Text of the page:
[11]
   
 

If environmental criteria may here apply, is probably the scale in which transformations occur and the instruments used, nowadays far more powerful and consequent than ever, which no longer relate to individual capacity to process, adjust and participate in the construction of any new reality.    

 

 

Other social and historical phenomena of human experiences also deal with displacement issues, however in a more intimate and permanent condition than leisure activities. They normally dwell in the mists of St. Elsewhere, other times, better lives, and often orientated to not so objective realities.

It is often in nostalgia where all these manifestations merge in the pursuit of the alluring components of memories or displaced valued references.

Nostalgia was first identified as a disease whose manifestations were grief (psychological pane) (algia) associated with the feeling of longing for a home. Something that physicians had once been of the opinion that opium, leeches and a trip to the Alps could cure.

Later it became a bad word for a mood that stood in the way to the twentieth century futuristic utopia. Nostalgia was at that the time to Memory what kitsch was to Art [i] - a temptation to relinquish critical thinking for emotional bonding. A form of History without guilt, much as Heritage today is something to suffuses us with pride, seldom with shame [ii] a guilt-free homecoming with a considerable abdication of direct ethical and aesthetic responsibility [iii]. The truth is that the progress didnít cure Nostalgia and rather acerbated it, and strongly characterized the mood of the ending of the century.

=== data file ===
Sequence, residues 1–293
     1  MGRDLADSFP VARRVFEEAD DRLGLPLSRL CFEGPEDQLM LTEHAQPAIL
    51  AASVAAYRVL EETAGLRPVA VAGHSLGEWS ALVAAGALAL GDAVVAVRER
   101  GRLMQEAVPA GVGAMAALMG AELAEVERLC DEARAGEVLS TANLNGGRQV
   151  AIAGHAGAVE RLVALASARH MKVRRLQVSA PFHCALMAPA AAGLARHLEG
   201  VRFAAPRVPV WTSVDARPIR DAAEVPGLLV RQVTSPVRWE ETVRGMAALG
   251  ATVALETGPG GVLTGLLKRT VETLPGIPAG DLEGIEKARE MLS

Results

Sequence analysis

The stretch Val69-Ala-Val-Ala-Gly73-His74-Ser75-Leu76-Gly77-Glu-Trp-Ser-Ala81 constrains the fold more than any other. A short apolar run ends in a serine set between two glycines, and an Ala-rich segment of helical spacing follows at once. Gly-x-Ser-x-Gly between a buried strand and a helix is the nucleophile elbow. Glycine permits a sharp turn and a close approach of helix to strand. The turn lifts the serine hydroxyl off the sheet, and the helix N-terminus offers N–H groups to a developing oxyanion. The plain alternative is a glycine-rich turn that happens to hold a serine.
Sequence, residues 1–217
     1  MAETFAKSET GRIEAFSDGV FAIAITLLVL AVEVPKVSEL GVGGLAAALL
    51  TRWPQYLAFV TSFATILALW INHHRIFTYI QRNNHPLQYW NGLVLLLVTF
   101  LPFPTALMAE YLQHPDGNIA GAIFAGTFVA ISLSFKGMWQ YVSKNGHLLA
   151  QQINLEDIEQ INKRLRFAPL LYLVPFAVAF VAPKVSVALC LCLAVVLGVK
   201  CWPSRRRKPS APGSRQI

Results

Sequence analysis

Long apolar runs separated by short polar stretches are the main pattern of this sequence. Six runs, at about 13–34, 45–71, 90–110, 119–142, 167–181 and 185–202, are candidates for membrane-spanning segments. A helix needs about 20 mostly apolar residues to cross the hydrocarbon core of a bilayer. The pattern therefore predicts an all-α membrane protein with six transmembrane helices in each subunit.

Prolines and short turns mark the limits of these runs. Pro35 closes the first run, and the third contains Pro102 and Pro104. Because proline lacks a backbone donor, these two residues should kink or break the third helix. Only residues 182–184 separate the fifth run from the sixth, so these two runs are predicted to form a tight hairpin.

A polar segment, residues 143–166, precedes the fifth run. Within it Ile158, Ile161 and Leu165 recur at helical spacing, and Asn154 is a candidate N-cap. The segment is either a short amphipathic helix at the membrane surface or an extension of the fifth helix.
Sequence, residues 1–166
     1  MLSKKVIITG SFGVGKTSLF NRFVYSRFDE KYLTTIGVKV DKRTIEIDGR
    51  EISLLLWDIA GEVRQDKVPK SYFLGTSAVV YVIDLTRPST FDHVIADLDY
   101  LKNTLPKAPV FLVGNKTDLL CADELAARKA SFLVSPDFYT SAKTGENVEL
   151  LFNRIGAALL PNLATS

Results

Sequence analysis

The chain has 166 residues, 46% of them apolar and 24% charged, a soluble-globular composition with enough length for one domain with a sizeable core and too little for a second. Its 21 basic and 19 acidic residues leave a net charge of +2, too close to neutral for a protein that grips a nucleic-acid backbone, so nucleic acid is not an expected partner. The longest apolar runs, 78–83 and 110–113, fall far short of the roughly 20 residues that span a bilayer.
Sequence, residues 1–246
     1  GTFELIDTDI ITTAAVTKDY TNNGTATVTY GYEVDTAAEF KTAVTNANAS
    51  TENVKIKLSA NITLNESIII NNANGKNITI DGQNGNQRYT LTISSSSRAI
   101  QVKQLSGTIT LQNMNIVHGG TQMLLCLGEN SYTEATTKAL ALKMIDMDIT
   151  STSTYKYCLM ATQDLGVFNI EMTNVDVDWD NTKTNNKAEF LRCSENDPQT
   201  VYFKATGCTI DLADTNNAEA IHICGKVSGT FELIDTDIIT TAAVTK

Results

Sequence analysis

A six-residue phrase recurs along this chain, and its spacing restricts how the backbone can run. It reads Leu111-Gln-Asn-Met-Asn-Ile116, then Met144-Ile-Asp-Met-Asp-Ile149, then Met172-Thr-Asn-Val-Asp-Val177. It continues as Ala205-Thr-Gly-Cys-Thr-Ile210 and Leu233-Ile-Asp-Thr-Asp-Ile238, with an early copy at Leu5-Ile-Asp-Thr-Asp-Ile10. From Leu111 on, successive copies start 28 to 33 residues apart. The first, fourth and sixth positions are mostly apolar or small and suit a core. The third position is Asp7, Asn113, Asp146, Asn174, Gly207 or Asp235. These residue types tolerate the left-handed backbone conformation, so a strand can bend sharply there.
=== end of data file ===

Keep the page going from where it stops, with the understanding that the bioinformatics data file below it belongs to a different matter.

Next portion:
The danger in nostalgia is structural and lies in the compulsory tendency to confuse the actual home and the imaginary one. The word origin may even lead us the idea of the longing for a place, but it actually is a yearning for a different time which goes beyond individual psychology. It is often configured as the time of the childhood, the slower rhythms of our dreams and, in a broader sense, the rebellion to the positive idea of time, history and progress. The tendency is even to obliterate history and turn it into a private or collective mythology, by resisting to temporal irreversibility and by morning the displacement.

The extensive cultural dimension of nostalgia distinguishes the phenomenon from melancholia in the strong relationship between individual biography and the biography of groups or nations, between personal and collective memory. This is to say, a collective heart frame which  shapes psychologically a cultural identity.


[i] The End of Longing?, Charles Maier

[ii] Mystic Chords of Memory, Michael Kammen

[iii]The Future of Nostalgia, by Svetlana Boym